The Road

I am periodically re-publishing the posts that I want to preserve from the previous incarnation of this blog, just in case I ever lose control of that site or it vanishes. What follows was originally published on 10 August 2010 on

This blog contains spoilers.

Most of last week I was camping in the Lake District, and I managed to read a novel that I’ve been wanting to get around to for a long time.

I spend more time than might be healthy worrying about fuel and food shortages, resource conflict, and social collapse – thinking about all the things that need to keep happening to keep society going, and about how I’d cope if I found myself in the position of Robinson Crusoe, or the ‘castaways’ on Desert Island Discs. Should I be spending time learning how to grow my own food? Build drystone walls? Fashion spectacles for if my eyesight continues to deteriorate?! For this reason, and because I was so gripped by No Country for Old Men, I felt primed for The Road.

The novel follows a man (who remains unnamed throughout) and his son as they traverse an America in which society has collapsed, nothing grows, and the sun barely shines – effectively, a nuclear winter, although the specifics of whatever precipitated this ecological state are never gone into.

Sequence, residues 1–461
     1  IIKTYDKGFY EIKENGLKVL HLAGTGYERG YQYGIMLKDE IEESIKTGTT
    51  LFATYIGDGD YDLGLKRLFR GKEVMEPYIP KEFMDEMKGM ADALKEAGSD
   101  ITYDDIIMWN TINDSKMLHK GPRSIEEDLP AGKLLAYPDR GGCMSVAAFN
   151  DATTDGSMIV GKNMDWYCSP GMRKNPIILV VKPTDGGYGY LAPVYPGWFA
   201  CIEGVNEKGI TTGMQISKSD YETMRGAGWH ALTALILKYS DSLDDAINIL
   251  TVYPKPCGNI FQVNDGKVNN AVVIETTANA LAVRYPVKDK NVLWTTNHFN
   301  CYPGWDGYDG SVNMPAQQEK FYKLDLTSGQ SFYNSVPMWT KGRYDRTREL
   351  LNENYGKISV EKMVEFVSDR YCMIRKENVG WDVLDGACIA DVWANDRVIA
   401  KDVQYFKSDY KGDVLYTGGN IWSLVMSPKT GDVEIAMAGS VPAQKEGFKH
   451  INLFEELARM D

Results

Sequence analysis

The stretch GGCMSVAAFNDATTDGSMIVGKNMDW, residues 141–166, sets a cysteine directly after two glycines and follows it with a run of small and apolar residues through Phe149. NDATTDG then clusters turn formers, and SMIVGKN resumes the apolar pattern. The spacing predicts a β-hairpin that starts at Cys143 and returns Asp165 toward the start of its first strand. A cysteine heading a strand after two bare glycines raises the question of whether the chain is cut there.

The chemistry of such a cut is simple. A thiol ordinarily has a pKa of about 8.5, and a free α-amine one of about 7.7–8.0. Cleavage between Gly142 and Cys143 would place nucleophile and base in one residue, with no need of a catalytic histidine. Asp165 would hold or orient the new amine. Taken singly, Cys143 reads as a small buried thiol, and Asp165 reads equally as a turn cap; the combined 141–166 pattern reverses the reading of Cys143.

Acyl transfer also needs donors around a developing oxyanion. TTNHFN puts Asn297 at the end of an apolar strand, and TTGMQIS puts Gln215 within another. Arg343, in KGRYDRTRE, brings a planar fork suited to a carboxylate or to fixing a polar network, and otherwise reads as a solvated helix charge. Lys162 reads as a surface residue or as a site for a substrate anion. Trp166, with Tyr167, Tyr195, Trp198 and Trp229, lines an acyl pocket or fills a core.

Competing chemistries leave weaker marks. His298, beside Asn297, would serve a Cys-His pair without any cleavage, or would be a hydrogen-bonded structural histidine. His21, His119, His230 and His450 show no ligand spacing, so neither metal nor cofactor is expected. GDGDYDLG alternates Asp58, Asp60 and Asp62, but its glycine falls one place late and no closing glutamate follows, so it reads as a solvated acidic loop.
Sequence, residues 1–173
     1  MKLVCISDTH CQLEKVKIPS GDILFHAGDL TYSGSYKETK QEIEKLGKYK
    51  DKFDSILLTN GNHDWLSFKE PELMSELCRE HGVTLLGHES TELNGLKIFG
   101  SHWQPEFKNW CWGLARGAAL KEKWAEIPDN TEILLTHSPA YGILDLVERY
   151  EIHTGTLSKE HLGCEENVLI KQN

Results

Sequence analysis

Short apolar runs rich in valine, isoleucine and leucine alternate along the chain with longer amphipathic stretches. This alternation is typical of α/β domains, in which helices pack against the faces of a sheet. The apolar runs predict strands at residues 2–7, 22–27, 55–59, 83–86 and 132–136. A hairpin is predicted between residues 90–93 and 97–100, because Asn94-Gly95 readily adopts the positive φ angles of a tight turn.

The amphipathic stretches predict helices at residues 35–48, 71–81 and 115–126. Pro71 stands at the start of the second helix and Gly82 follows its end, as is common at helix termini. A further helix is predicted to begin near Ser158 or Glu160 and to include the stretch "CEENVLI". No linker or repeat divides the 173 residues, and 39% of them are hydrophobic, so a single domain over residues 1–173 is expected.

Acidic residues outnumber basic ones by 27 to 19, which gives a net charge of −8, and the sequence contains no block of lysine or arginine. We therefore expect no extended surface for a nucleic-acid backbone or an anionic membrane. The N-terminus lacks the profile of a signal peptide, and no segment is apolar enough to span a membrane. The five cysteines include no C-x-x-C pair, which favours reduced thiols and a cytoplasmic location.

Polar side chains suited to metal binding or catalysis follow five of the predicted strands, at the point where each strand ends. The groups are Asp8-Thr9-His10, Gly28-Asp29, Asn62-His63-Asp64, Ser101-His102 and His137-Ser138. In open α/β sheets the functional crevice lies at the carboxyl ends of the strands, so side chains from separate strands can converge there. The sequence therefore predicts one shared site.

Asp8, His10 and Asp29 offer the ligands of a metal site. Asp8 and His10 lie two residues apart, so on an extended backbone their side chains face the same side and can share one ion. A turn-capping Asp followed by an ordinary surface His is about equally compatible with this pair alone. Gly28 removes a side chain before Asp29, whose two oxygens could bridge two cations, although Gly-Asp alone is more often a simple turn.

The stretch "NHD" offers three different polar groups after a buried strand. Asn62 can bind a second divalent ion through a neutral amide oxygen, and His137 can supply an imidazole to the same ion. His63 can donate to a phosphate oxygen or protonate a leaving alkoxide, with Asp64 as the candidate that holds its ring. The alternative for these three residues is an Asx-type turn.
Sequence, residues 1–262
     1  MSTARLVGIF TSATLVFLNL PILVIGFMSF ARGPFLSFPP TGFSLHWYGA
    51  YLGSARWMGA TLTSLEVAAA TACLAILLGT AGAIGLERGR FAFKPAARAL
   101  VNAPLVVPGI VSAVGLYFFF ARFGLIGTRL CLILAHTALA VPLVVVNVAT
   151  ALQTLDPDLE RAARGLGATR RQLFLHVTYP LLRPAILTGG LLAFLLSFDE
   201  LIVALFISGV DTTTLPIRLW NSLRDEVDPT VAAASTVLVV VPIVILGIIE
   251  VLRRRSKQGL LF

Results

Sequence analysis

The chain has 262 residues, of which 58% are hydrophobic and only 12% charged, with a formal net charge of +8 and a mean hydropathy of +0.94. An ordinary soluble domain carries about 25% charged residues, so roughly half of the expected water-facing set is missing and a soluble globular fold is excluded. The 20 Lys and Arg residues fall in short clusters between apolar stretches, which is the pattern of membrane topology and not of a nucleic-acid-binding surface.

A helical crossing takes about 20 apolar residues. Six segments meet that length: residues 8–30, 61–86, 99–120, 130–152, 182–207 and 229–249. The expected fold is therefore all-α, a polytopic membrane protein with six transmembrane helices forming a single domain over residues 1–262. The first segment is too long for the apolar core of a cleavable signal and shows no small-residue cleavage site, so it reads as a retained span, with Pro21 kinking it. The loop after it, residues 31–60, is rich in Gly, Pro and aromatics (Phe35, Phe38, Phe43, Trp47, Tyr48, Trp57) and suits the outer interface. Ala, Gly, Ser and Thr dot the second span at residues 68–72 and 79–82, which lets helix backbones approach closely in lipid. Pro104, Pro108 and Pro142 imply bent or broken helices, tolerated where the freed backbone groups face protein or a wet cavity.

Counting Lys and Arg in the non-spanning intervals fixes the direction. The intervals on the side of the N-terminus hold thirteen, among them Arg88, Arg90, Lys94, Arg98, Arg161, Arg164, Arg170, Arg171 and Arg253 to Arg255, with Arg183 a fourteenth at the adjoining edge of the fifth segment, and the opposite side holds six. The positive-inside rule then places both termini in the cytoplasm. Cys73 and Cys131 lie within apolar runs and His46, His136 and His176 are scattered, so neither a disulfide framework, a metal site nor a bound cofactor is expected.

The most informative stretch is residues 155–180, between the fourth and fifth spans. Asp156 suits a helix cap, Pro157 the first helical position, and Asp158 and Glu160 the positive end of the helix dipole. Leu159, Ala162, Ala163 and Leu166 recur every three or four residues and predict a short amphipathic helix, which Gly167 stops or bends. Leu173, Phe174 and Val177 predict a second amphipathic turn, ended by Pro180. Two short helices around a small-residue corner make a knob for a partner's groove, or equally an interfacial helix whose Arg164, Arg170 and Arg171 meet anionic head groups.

Language and imagery are the novel’s main strengths. Alan Warner puts it well in his Guardian review when he suggests that

what propels The Road far beyond its progenitors are the diverted poetic heights of McCarthy’s late-English prose; the simple declamation and plainsong of his rendered dialect, as perfect as early Hemingway; and the adamantine surety and utter aptness of every chiselled description.

Around halfway through the novel, when we have become accustomed to the extreme precariousness of the lives of the man and boy, as they wheel a cart along asphalt, picking up what food they can and preciously guarding what they have, the man discovers a family’s long-abandoned bunker, hidden under grass in their garden. It contains cans and cans of food: ‘chile, corn, stew, soup, spaghetti sauce. The richness of a vanished world’. The moment of discovery is a truly affecting one by virtue of its context.

The ‘vanished world’ of the novel is precisely a world where there’s enough to eat, and a world in which food can still be produced. The loss of art, architecture, science, knowledge… these things are not considered directly. This is a consequence of the restrictions the novel observes. It mainly limits itself to describing the two main characters and their actions, and does not create within these restrictions occasions for reflection upon the lost civilisation in broader terms.

As well as no longer having any meaningful past, wiped out as it has been, the characters are also robbed of any future. The underground bunker full of food represents not just the richness of the past, but the ability within that past to have a future; to have the wherewithal to save, make plans and think beyond one’s immediate needs, and the faith that it is worth one’s while to do so.

This is stark and effective, but it does present structural challenges that I did not feel that the novel entirely overcame, or at least did not sufficiently compensate for. When your characters live in an eternal and precarious present, how does one develop a story? Can one create a narrative that feels other than episodic and arbitrary?